The word “gene” means different things to different people, and can even be used in multiple ways by the same individual. In this review, I follow a particular thread running through Griffith and Stotz’s “Genetics and Philosophy: an introduction”, which is the way that methods of investigation influence the way we define the concept of “gene”, from nineteen century breeding experiments to twenty-first century big data bioinformatics. These different views lead to a set of gene concepts, which only partially overlap each other, each of which picks up on a different part of gene behaviour, function or scientific utility. This plurality of concepts carries over to the use of the concept of “information” in biology, where the non-overlapping concepts can be connected to whether you view the genome as a blueprint for development, a response to environmental triggers, an engine of heritability, or a document of history.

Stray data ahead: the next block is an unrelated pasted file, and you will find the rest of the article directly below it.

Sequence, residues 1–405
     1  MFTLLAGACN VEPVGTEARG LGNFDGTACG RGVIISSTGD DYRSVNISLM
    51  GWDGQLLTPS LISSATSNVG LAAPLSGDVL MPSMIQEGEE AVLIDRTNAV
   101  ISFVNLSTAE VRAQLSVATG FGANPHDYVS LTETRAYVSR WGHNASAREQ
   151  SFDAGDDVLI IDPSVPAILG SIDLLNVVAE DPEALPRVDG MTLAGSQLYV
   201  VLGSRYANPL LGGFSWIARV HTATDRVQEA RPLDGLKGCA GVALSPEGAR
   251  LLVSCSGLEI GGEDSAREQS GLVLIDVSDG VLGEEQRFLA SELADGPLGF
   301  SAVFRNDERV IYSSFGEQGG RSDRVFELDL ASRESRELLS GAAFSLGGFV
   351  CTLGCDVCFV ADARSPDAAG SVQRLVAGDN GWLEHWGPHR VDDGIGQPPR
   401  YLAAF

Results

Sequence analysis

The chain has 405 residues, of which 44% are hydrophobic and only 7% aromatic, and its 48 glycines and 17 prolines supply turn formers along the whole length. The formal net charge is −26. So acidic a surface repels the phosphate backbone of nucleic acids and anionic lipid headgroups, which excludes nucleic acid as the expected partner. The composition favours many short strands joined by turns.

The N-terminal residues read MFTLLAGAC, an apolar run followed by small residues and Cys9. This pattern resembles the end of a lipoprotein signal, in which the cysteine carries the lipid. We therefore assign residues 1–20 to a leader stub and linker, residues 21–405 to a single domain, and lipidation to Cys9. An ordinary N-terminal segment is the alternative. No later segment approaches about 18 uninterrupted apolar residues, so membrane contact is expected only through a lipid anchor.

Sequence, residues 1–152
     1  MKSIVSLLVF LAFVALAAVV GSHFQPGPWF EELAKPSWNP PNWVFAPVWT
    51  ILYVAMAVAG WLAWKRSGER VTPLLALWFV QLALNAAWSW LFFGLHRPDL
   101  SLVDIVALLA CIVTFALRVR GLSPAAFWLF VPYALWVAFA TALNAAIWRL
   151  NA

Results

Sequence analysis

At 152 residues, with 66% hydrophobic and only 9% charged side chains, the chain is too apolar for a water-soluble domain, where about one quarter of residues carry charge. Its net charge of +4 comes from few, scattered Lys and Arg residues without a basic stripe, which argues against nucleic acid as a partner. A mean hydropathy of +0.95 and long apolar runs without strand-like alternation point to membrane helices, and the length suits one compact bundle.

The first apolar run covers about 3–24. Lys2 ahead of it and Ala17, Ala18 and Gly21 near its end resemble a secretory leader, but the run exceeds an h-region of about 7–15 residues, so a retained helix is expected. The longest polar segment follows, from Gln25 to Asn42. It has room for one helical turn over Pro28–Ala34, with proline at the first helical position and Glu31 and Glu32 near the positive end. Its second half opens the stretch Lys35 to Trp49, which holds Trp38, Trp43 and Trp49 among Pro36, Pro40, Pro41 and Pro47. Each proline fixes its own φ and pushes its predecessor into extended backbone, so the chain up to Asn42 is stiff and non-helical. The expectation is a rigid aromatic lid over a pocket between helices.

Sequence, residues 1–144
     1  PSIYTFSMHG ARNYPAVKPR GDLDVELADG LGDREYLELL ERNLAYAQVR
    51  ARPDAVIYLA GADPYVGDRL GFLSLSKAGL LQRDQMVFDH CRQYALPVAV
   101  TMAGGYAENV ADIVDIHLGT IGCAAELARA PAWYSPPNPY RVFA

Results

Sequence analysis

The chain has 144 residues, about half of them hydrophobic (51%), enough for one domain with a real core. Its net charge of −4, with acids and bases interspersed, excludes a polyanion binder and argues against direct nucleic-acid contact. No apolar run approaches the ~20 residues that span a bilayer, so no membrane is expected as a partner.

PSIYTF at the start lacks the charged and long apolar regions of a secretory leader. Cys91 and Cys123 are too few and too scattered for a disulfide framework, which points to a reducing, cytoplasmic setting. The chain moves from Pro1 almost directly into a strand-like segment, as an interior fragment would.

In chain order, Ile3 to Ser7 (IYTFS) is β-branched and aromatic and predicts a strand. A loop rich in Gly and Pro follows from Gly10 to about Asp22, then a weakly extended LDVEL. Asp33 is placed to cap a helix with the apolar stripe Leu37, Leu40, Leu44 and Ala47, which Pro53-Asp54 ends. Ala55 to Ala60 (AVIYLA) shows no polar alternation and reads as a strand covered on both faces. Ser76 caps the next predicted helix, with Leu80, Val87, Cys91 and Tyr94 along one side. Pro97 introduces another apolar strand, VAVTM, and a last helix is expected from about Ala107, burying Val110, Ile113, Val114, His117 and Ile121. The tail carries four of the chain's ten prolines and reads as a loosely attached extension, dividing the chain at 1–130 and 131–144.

Financed by the National Centre for Research and Development under grant No. SP/I/1/77065/10 by the strategic scientific research and experimental development program:
SYNAT - “Interdisciplinary System for Interactive Scientific and Scientific-Technical Information”.